Tuesday, 18 November 2014

Envision Teleconference:
November 17th 2014

The Steering Group and I held a teleconference last night to discuss our recently drafted charter. We looked over each of the 7 points, as a group, making clarifications and expanding points to provide more detail of our asks. The amended charter will be e-mailed around to the steering group, followed by the wider network as a whole, in the very near future.

After editing the charter we moved our conversation towards how we would present it to the industry. Do we target individuals or do we look into communicating with head offices in the retail sector? We agreed that the New Year would be a good time in order to do this, with 'New Year Resolutions' being a suitable theme of which to achieve our asks, and perhaps even launch an event nationally to draw attention to the charter itself and the evidence we've explored.

We talked about the bus charter and how that was recently presented with a nationwide event; first with a meeting at the Head Office, proceeded by the Minister of Transport giving a speech, with bus companies following suit and signing up to the charter.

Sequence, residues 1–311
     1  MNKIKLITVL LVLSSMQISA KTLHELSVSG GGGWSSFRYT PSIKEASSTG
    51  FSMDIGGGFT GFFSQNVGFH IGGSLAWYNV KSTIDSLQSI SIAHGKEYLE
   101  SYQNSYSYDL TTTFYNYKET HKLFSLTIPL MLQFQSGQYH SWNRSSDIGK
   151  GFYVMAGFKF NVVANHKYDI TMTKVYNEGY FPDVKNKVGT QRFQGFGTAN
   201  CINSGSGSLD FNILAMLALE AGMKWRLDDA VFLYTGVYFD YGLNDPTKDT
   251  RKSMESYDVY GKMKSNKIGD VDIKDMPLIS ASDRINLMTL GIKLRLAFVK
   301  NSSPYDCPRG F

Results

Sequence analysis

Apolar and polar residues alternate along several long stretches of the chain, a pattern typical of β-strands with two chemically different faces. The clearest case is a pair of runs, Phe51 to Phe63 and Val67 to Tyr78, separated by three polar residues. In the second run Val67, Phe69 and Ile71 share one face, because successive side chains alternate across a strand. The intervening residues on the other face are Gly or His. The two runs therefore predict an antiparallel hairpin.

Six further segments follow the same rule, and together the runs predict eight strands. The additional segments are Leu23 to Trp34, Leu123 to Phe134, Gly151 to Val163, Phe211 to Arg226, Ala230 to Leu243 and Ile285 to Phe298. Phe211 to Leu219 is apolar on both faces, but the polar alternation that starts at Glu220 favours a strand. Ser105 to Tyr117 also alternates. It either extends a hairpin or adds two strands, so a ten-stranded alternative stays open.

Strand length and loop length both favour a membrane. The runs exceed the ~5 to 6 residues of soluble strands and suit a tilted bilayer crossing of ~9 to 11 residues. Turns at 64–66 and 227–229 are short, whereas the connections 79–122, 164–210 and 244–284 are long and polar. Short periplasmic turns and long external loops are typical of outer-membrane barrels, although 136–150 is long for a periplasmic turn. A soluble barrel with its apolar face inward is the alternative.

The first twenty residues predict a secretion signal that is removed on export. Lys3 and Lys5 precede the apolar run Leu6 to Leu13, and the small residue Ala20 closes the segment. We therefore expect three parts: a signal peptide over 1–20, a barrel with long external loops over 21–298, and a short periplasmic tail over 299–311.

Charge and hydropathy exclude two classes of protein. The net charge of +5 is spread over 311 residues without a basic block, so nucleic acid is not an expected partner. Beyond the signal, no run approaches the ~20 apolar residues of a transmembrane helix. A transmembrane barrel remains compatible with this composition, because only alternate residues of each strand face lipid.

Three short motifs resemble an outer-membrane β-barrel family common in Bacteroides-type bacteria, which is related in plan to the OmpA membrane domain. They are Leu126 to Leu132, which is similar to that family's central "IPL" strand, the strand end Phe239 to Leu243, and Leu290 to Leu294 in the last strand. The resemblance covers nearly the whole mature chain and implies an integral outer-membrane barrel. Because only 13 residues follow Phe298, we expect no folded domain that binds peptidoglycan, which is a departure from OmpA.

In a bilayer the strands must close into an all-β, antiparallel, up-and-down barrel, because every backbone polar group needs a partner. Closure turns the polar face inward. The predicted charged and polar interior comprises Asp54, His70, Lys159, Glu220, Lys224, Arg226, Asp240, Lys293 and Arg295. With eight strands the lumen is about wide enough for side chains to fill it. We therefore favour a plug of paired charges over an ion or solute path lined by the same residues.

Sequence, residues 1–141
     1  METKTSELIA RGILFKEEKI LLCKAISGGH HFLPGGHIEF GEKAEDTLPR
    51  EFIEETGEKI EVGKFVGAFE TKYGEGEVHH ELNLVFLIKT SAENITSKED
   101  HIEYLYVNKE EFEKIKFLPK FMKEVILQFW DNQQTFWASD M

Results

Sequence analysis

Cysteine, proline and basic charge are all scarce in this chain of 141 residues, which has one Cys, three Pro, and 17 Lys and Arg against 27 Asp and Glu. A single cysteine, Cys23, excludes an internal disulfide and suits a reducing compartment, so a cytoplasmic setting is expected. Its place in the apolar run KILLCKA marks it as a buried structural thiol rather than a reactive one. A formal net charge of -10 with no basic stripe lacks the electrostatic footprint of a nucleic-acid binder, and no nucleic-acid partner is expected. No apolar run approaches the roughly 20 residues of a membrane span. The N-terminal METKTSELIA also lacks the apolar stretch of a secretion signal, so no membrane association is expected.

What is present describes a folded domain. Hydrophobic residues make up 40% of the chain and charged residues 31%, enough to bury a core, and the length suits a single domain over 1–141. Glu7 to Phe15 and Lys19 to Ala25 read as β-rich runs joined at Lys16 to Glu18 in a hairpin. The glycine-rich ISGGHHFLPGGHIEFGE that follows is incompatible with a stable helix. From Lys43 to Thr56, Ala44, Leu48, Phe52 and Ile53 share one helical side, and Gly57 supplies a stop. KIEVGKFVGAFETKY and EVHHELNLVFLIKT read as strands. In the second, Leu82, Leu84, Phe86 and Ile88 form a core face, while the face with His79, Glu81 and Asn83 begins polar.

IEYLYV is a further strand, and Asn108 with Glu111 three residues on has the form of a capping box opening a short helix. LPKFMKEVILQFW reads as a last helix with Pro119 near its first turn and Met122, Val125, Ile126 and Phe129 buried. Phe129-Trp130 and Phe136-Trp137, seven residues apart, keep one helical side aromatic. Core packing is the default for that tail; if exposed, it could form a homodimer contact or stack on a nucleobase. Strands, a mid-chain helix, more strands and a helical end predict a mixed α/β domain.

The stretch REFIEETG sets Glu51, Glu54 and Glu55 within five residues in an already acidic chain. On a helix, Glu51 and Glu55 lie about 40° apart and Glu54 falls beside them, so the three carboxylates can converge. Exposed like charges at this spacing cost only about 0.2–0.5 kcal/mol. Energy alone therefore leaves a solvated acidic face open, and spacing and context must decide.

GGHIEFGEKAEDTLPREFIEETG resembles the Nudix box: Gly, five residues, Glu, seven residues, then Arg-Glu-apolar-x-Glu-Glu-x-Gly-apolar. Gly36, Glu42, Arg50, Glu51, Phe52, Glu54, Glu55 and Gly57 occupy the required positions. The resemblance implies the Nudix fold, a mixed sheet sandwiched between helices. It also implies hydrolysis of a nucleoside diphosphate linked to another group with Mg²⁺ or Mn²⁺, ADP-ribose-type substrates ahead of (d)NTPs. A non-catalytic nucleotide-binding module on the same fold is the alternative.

Finally, we conversed about what to do at a local level. Coffee mornings and group meetings at coffee shops, involving visually impaired people for their support, were mentioned as well as contacting local store managers and staff members. This is something we will be thinking about over the next few weeks.

The next steering group teleconference will be held in the evening of Tuesday, December 9th.

Useful Links

Monday, 17 November 2014

EBU Event at European
Parliament in Brussels

Last week I travelled to European Parliament in Brussels, Belgium, to represent the RNIB in a two-day 'High Speed Blind Date' event held by the European Blind Union. The event ran on November 11th and 12th and was designed to reach out to MEPs, researchers and journalists through interactive activities to showcase the increasing inaccessibility barriers faced when using manufactured goods, information, services, websites and apps.